I’ve mentioned before that although I moved to Mondoville in 2003, my family has deep roots in this part of the country, and even this part of the state. My dad was born in Greenwood, SC, about 35 miles from here, and his mother’s maiden name was Marietta Calhoun. Yep, those Calhouns — the evil genius of American politics was something like my seven-greats uncle. It didn’t do Dad (or me) much good either way — the last of whatever family fortune there was got squandered before Dad spent his teen years in the East Nashville projects, and before I was a toddler in an apartment over a drugstore, getting splinters in my feet from the floorboards. All the same, after Granny had moved back to Greenwood and my family would go down to visit, a maiden great-great-aunt was fond of emphasizing that “the boy [that would have been me] has Calhoun blood in his veins.” (At least once, Dad cheerfully added, “Yep, and Cherokee too!” Nearly gave the poor old woman apoplexy.) I grew up with a framed photo of a nuclear sub named for him; it decorated my bedroom wall.
But getting back to my however-many-greats uncle, the latest brouhaha at Yale has revolved around the fact that one of the University’s residential colleges is named for the late Veep. This has caused considerable upset to some students, who feel that this is a celebration of the institution of slavery that Calhoun defended. However, the university has decided to keep the name (reportedly under pressure from some old grads, who look back on their years in Calhoun Hall with fondness.) The current students are upset, and given their history of handling emotional setbacks with stoic aplomb, some sort of fireworks may ensue.
All this reminds me of a chapter from my own educational history. I did two years of college at Transylvania University (Slogan: “We had the name first, Stoker!”), which I attended on a full academic ride as part of the school’s efforts to raise its academic profile. When I was there, the scholarship was named for Thomas Jefferson — the 25 of us who received the scholarship in each class were colloquially known as the TJs. (That’s right, folks — once there was a college the size of Mondoville that brought in 25 new kids on full academic rides every year. More than 10% of the student body were there on full academic scholarships!)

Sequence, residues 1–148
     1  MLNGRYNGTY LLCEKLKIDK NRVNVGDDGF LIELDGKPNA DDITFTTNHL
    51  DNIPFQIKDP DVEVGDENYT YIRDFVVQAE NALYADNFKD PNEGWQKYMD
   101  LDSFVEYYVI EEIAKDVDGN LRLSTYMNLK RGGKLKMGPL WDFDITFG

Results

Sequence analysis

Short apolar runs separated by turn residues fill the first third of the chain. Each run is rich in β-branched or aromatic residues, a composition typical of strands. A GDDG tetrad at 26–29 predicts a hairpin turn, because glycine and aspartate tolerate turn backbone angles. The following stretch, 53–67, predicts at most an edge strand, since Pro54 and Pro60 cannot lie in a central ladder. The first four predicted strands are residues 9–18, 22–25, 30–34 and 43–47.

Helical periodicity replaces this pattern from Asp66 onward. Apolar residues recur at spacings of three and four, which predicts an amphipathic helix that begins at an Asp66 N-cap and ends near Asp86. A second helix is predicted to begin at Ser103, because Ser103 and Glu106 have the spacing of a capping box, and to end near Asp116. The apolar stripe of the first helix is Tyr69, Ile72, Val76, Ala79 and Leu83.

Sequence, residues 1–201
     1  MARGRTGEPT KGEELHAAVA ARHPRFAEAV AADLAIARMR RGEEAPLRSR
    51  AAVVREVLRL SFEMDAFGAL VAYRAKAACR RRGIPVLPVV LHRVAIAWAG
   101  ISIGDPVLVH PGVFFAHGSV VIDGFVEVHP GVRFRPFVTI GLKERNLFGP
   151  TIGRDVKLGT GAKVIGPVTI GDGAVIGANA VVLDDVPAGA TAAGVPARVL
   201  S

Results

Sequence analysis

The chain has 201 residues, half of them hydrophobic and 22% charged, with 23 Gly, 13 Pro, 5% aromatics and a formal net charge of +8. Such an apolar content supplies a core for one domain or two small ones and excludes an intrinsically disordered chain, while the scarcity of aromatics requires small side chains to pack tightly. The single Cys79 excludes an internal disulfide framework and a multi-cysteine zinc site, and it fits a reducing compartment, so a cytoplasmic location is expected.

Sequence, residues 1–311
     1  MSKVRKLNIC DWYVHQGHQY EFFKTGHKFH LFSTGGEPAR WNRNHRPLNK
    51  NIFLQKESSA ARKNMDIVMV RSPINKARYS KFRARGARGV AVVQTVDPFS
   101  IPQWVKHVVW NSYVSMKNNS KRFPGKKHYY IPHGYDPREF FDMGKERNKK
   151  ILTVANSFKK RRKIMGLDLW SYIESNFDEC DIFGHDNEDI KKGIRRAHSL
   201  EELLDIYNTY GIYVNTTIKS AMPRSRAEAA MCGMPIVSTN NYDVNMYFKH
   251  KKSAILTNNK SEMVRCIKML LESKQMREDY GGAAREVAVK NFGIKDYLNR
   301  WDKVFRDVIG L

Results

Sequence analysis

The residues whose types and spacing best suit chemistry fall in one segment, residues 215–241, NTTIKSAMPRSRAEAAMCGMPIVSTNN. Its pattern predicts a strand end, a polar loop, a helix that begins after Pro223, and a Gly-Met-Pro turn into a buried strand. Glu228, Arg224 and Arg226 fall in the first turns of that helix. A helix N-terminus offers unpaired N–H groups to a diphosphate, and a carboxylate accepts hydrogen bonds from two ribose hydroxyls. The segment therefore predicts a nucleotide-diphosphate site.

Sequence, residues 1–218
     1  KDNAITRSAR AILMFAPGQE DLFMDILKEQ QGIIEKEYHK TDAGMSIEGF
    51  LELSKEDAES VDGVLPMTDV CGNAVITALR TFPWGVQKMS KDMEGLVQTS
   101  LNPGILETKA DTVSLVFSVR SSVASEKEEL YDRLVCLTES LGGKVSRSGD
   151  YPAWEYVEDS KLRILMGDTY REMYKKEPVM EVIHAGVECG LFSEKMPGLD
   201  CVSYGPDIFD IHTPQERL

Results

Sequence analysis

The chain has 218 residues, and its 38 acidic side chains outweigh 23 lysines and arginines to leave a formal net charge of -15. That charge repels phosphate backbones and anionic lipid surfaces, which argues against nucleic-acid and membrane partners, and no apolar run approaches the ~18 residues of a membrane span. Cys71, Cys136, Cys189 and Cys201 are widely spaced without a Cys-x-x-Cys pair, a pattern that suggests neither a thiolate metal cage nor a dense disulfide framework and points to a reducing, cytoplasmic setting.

Alas, I lost mine in my second year when my GPA fell below a 3.5, and I had to pursue my education elsewhere. About a year or so later, I heard from a former classmate that the scholarship had been renamed to honor its principal benefactor. (Admittedly, these days the original name would be a problem for some people as well, but hey — go please the world.) I was informed that the kids who had entered as TJs were miffed, and insisted on using the old handle. I was back in Northern Kentucky, attending the local directional school and working in customer service at Sears. My reply to my friend was simple: “Are they still taking the money?”
Likewise, I have some advice for the kids at Yale. If you’re at Yale, we might reasonably expect you to be admissible at quite a number of other educational institutions. Perhaps you might find one of them more suitable. But if you believe that Yale is a place from which you receive sufficient benefit, maybe you could deign to overlook the fact that we no longer agree with some of the university’s better-known alumni. You know — it’s called tolerance.